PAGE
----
Anita B. is the new movie directed by Roberto Faenza starring Eline Powell, Robert Sheehan, Antonio Cupo, Andrea Osvart, Nico Mirallegro, Moni Ovadia. We are going to see it at the cinema on the international Holocaust Remembrance Day (27th January).
In this BBC documentary Peter Ackroyd,writer, historian and presenter, reveals how the radical ideas of liberty that inspired the French Revolution opened up a world of possibility for great British writers such as William Blake, Samuel Taylor Coleridge and William Wordsworth, inspiring some of the greatest works of literature in the English language. Their ideas are the foundations of our modern notions of freedom and their words are performed by David Tennant, Dudley Sutton and David Threlfall. The Romantics are important because they helped to define, and indeed to create, the modern world. They helped to fashion the way in which we all now think and imagine.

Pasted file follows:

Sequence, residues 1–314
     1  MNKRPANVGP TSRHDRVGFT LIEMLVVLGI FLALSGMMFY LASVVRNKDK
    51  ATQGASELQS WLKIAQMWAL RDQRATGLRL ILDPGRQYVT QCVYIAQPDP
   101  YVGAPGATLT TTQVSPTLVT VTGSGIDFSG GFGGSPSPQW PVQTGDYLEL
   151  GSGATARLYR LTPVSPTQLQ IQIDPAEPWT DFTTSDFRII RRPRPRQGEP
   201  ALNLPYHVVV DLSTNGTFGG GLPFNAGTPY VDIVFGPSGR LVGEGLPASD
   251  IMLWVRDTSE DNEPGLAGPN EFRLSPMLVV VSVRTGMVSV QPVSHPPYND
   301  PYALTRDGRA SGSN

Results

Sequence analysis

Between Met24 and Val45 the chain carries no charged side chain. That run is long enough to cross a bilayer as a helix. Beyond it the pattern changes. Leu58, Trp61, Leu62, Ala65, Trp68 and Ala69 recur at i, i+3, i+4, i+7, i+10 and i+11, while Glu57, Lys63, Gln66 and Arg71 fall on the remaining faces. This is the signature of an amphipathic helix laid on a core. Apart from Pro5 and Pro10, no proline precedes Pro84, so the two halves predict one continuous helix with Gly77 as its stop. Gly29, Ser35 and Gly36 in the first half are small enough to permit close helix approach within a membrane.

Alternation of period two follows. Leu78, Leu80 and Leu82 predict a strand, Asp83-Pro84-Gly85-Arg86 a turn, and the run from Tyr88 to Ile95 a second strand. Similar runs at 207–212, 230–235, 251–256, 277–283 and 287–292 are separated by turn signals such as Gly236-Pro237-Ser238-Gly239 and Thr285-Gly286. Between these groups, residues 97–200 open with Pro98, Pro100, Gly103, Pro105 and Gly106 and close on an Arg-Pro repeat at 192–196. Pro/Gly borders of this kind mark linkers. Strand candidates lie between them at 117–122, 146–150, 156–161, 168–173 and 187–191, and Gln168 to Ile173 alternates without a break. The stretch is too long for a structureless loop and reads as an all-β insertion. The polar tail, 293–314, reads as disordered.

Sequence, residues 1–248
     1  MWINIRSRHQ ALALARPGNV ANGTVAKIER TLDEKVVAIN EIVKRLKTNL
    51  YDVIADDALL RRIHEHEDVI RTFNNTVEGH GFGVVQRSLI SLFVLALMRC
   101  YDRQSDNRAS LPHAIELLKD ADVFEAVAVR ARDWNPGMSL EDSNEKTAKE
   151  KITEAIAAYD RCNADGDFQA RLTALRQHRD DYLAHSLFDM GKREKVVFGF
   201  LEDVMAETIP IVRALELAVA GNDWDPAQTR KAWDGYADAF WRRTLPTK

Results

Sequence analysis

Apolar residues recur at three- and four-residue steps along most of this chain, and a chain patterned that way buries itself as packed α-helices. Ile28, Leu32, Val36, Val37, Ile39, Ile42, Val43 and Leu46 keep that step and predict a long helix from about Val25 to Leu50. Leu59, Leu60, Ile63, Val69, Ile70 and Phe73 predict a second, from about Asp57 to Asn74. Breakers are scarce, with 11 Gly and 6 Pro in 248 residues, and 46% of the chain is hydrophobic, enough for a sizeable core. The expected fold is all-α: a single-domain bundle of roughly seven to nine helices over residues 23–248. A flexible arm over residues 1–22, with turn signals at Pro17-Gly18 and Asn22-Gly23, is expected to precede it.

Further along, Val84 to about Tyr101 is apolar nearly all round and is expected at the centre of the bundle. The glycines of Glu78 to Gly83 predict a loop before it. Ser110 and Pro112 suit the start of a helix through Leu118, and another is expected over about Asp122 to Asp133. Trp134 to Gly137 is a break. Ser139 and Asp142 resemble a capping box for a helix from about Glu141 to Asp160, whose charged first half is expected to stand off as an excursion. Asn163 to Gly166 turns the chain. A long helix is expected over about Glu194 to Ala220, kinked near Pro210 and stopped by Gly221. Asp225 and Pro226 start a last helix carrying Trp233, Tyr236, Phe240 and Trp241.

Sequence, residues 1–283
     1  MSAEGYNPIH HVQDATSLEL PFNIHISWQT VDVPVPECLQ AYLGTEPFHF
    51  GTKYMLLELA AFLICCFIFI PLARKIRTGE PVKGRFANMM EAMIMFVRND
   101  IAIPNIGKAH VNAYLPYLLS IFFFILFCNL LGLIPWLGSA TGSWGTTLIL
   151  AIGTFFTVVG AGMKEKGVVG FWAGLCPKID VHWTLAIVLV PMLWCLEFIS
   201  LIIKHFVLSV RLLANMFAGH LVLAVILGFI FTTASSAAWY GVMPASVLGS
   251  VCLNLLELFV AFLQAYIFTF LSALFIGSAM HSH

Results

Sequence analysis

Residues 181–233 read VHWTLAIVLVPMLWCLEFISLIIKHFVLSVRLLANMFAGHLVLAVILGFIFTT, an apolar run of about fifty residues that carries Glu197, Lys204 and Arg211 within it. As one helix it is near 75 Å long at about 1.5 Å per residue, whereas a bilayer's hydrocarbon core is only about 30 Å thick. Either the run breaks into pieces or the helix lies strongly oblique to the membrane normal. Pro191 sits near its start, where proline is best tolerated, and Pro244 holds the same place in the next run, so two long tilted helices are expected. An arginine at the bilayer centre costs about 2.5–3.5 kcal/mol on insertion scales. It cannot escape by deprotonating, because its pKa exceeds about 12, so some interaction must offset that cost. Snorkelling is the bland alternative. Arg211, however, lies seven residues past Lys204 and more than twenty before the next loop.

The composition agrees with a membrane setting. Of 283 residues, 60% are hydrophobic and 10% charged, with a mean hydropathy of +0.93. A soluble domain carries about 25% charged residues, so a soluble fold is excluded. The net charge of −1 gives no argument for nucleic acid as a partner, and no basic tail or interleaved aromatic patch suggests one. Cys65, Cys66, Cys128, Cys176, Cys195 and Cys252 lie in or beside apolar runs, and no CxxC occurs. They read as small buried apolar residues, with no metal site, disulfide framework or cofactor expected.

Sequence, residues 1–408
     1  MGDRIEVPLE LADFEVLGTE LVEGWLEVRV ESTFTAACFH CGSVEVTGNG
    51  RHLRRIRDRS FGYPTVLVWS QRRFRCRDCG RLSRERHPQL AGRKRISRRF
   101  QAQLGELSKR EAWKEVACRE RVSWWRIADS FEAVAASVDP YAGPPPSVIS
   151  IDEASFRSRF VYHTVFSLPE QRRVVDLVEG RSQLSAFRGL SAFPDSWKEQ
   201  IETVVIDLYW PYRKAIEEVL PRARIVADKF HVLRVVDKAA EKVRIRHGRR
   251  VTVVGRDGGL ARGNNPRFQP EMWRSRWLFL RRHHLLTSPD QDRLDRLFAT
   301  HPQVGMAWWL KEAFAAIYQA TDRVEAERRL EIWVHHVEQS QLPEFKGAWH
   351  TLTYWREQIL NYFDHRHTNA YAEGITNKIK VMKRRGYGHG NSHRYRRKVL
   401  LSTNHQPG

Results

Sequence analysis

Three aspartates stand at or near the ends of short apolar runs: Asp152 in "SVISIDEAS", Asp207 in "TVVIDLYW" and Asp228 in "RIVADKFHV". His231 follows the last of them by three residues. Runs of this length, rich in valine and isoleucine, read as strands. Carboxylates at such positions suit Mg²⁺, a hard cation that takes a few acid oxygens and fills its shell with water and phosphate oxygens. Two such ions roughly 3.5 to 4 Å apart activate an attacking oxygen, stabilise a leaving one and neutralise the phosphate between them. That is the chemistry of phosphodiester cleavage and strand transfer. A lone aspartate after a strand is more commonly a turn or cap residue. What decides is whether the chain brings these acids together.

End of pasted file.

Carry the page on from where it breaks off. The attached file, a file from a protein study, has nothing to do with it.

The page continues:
Carpe Diem: Seize the day. This is the lesson John Keating, an unorthodox teacher at an all-male prep school in New England, wants to convey to his impressionable students. Keating is an alumnus of the school, Welton Academy, and hopes to make his students as curious and iconoclastic as he was (as is). Keating encourages them to "suck the marrow out of life," pursue their dreams, and find their voice. He does so with unusual teaching methods, such as tearing pages from textbooks, kicking soccer balls while shouting poetry, and standing on desks to gain a different perspective. These approaches are frowned upon by the administrators at conservative Welton, whose creed is "Tradition, Honor, Discipline, and Excellence."